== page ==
I am a ceramicist based in Limehouse, East London. I work from the small studio at the bottom of my garden, where I have a wheel and small kiln. All of my ceramics are hand-thrown and fired.
I studied English Literature at Oxford University, before working in the City for several years. I am also a writer (as yet unpublished, aside from short stories), and am represented by Camilla Wray at Darley Anderson. I am currently a student on the Creative Writing MA at UEA, where I have been awarded the Malcolm Bradbury scholarship.
I am particularly inspired by Scandinavian / Japanese ceramics, and their clean, modern forms. I also enjoy experimenting with the effects of various clays, for example speckled clay, and the different effects, patterns and textures which can be made by using slip and wax resist. While I aim for my work to look aesthetically pleasing, functionality is more important to me. I love the idea of my ceramics serving a practical purpose and becoming a part of someone’s daily life and routine. I use high-fire stoneware so everything is completely durable and dish-washer proof - everything you see I use in my own home.
In addition to selling ceramics via my online shop, I often have stalls at fairs. Please do get in touch to find out more about my ceramics and to discuss commissions.
Each piece for sale in the shop is entirely handmade and bears the marks of this. I prefer to work without the constraints of measuring gauges or calipers, which does mean that each item varies slightly in size or shape. What this does mean is that each item truly is unique, and people tend to connect much more with a piece which they feel to be truly 'theirs'.
Thanks so much for your interest in my ceramics - it means so much to me.
PS - photograph above taken by Sandra Seaton
Why 'Limehouse Ceramics'?
Not only do I live in Limehouse, but Limehouse derived its name from the lime kilns in the area. Several centuries ago, it was filled with clay dust, potteries and kilns, all manufacturing ceramics for the shipping companies and ships in the East End docks.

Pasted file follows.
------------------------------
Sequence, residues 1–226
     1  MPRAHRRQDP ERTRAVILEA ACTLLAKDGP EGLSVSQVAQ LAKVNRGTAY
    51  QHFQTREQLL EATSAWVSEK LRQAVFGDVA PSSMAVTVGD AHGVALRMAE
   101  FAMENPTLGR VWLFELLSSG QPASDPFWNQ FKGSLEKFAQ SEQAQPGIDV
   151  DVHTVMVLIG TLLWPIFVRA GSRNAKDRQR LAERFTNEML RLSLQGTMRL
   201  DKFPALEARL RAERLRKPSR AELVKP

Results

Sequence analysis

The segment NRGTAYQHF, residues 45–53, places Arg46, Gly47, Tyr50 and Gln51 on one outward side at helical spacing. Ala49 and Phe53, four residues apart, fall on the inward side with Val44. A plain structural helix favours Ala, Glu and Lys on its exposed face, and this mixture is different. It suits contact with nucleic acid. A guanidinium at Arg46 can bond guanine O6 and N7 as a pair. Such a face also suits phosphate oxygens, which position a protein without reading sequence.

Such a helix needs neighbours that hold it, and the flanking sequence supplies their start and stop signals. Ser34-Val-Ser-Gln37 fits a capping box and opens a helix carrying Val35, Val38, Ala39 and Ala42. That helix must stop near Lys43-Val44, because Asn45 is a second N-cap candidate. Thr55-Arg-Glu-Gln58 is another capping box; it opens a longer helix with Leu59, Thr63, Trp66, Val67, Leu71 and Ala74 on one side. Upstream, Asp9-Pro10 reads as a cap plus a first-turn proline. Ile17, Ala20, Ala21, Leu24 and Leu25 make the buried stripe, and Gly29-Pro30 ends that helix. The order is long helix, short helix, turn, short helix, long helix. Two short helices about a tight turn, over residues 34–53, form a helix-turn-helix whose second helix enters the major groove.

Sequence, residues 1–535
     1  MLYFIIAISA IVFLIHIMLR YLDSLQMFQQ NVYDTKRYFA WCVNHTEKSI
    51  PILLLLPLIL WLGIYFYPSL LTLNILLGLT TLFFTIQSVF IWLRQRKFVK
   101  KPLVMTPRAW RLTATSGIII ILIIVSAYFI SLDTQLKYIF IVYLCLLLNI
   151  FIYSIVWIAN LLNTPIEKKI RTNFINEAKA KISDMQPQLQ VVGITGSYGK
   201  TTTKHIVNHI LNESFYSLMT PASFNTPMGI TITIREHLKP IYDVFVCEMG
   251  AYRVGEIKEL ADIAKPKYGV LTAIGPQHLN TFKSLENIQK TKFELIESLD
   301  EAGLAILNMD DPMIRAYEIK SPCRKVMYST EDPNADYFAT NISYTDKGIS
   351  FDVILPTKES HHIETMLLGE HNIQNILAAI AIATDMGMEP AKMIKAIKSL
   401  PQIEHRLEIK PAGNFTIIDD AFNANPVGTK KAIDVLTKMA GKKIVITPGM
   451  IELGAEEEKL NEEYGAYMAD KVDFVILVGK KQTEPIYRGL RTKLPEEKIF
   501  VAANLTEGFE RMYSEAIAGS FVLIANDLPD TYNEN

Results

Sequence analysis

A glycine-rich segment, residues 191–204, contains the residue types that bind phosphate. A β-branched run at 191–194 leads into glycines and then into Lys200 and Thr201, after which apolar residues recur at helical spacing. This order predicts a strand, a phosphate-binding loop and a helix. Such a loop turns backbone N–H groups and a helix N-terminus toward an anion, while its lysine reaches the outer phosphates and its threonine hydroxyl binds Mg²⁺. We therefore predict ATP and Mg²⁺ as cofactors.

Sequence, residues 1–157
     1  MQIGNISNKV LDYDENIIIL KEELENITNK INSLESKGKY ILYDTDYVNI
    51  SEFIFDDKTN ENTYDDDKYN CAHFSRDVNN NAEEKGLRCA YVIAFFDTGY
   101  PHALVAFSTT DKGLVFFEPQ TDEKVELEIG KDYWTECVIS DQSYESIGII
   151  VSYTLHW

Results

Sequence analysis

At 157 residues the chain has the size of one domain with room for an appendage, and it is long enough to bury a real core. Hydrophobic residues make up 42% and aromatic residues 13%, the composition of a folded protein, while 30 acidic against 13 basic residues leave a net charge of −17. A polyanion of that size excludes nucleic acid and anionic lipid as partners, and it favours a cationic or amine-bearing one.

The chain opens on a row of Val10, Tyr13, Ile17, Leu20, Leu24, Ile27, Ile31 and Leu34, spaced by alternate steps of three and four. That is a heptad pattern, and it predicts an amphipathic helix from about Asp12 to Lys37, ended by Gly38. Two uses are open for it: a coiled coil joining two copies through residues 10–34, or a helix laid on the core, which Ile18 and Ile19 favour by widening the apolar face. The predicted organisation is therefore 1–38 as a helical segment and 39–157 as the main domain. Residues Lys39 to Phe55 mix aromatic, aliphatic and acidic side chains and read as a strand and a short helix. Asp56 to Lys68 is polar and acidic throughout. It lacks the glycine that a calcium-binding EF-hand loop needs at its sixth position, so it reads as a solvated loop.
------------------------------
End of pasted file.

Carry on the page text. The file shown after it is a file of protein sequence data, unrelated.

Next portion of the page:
It was also a site of real ceramic innovation. 108-116 Narrow Street, a building on the lip of the Thames, was a small factory which pioneered the use of English porcelain in 1745-1748. Given that the methods and ingredients for soft-paste porcelain were only discovered in 1742, it will have been one of the very first porcelain workshops in London. At site excavations, they found porcelain fragments in bone-white and with a pale blue underglaze.
I love to think that I live and work so close to where clay and pottery were manufactured through history - and I can be a very small part of the continuing pottery trade in the area.
Where did you learn to make ceramics?
My Great Aunt Barbara is an incredible potter, and it's this that really inspired me to have a go. I took a weekly evening class in ceramics for 10 weeks in summer 2015 and was quickly hooked. As I was cautious about taking the financial leap from beginner to potter-with-own-kiln, I joined Turning Earth for a month, which convinced me even more that it was something I wanted to give a real try. Since then, I’ve commandeered my husband's ‘man cave’ in the garden and turned it into my pottery studio – not entirely without protest!
Do you sell via retailers?